07 Mar 2012:
India’s Tata Group
To Favor Green Energy Over Coal Plants
The power unit of the India-based Tata Group conglomerate has said it will favor solar and wind projects over coal-fired plants
in future global energy investments, citing the increasing difficulty of developing coal projects. In an interview with Bloomberg News
, Tata Power Executive Director S. Padmanabhan said coal shortages in India have limited production at coal-fired plants and environmental hurdles have made it “impossible” to pursue coal plants in the U.S. and Europe with any long-term certainty. “Why would anyone want to invest at this stage in a coal project?” he said. “Investment has stopped.” Investment in renewable plants, he said, make more sense because the investment is smaller, plants are built faster, and costs are more uniform. The Tata Group, which accounts for nearly 5 percent of India’s gross domestic product, this week made its first bid for overseas wind and solar farms in South Africa.
Yale Environment 360 is
a publication of the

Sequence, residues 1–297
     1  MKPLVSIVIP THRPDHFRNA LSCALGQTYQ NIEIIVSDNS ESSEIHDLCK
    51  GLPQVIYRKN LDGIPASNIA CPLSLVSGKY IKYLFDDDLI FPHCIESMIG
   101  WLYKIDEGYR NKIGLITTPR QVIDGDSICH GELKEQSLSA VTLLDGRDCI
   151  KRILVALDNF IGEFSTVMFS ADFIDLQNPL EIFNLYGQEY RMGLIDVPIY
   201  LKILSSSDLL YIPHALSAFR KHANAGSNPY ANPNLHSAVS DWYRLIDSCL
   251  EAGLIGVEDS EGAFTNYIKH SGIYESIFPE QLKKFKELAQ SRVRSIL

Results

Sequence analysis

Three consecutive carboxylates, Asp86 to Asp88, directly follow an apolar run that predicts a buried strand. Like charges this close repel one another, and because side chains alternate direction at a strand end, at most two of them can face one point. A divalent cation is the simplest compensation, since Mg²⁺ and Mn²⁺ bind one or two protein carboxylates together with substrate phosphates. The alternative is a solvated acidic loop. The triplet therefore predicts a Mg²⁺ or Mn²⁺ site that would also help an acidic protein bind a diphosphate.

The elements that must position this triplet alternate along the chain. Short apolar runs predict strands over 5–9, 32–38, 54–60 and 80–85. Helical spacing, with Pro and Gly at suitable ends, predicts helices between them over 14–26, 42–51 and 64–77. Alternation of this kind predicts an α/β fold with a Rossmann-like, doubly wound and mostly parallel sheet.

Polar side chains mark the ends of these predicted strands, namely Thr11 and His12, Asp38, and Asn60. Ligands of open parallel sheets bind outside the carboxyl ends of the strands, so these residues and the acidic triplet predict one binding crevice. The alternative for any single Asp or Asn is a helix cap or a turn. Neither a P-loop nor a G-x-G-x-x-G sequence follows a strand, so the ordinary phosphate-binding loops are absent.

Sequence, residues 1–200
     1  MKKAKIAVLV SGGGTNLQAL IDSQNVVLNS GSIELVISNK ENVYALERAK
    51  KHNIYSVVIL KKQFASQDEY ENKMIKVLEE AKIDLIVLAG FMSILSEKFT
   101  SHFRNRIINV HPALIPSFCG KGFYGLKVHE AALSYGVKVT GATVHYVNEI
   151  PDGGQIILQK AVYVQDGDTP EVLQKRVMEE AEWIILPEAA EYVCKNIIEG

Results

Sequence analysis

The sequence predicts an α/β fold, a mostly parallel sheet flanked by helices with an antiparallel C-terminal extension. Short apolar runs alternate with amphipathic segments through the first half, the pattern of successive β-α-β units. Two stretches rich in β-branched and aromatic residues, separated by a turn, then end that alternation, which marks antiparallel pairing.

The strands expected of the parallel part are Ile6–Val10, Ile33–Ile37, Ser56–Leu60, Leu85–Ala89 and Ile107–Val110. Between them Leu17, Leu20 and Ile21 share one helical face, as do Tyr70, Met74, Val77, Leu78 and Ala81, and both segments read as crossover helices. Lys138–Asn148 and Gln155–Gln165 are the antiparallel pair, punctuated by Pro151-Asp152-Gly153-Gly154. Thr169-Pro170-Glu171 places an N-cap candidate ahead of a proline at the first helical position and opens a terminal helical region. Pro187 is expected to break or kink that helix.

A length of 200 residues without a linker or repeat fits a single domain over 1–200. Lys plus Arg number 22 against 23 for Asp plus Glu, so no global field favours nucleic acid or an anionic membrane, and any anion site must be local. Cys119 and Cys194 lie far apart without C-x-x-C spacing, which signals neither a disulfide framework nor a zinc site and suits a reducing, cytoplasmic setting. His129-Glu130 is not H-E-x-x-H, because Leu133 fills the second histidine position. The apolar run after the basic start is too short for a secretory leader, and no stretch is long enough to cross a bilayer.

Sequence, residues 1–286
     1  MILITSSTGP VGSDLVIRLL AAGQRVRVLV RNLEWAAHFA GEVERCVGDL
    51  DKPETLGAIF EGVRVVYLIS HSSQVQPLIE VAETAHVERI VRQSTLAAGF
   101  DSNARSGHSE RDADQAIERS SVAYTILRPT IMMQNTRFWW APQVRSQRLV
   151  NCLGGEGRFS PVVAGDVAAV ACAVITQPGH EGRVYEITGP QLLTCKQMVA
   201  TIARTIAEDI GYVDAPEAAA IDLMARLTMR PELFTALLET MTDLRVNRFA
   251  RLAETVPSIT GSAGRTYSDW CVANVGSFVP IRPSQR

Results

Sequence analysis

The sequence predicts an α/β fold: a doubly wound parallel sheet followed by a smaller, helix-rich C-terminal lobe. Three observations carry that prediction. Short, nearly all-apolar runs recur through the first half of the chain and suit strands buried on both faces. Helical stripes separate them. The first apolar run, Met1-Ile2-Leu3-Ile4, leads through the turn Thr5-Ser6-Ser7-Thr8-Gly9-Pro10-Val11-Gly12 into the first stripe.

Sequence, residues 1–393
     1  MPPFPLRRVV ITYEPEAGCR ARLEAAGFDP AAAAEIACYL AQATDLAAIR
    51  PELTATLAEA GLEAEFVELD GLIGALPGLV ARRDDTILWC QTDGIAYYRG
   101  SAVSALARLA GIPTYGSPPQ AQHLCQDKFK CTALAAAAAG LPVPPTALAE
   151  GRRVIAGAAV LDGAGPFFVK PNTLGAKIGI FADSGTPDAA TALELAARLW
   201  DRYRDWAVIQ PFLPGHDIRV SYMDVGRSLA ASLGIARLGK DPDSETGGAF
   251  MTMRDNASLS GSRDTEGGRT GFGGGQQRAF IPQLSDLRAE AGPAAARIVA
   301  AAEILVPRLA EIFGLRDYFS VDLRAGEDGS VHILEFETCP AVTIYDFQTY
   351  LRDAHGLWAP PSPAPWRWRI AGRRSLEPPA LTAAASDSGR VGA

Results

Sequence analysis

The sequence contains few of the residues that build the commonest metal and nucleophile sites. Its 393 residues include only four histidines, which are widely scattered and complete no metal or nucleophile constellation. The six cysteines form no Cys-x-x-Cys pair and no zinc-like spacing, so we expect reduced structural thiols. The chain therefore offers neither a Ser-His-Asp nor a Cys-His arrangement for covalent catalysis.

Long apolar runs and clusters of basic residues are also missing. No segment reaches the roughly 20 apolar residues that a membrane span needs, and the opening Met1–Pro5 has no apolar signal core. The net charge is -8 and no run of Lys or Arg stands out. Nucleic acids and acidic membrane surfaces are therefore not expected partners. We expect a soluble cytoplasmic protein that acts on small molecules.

Yale School of Forestry
& Environmental Studies
Yale Environment 360
articles are now available in Spanish and Portuguese on Universia
, the online educational network. Visit the site.
Business & Innovation
Policy & Politics
Pollution & Health
Science & Technology
Antarctica and the Arctic
Central & South America
A look at how acidifying oceans could threaten the Dungeness crab, one of the most valuable fisheries on the U.S. West Coast. Watch the video.
is now available for mobile devices at e360.yale.edu/mobile
An aerial view of why Europe’s per capita carbon emissions are less than 50 percent of those in the U.S. View the photos.
An indigenous tribe’s deadly fight to save its ancestral land in the Amazon rainforest from logging. Learn more.
video series looks at the staggering amount of food wasted in the U.S. – a problem with major human and environmental costs. Watch the video.
Residents of the Chocó Rainforest in Ecuador are choosing to plant cacao over logging in an effort to slow deforestation.
Watch the video.
Tribal people and ranchers join together to stop a project that would haul coal across their Montana land. Watch the video.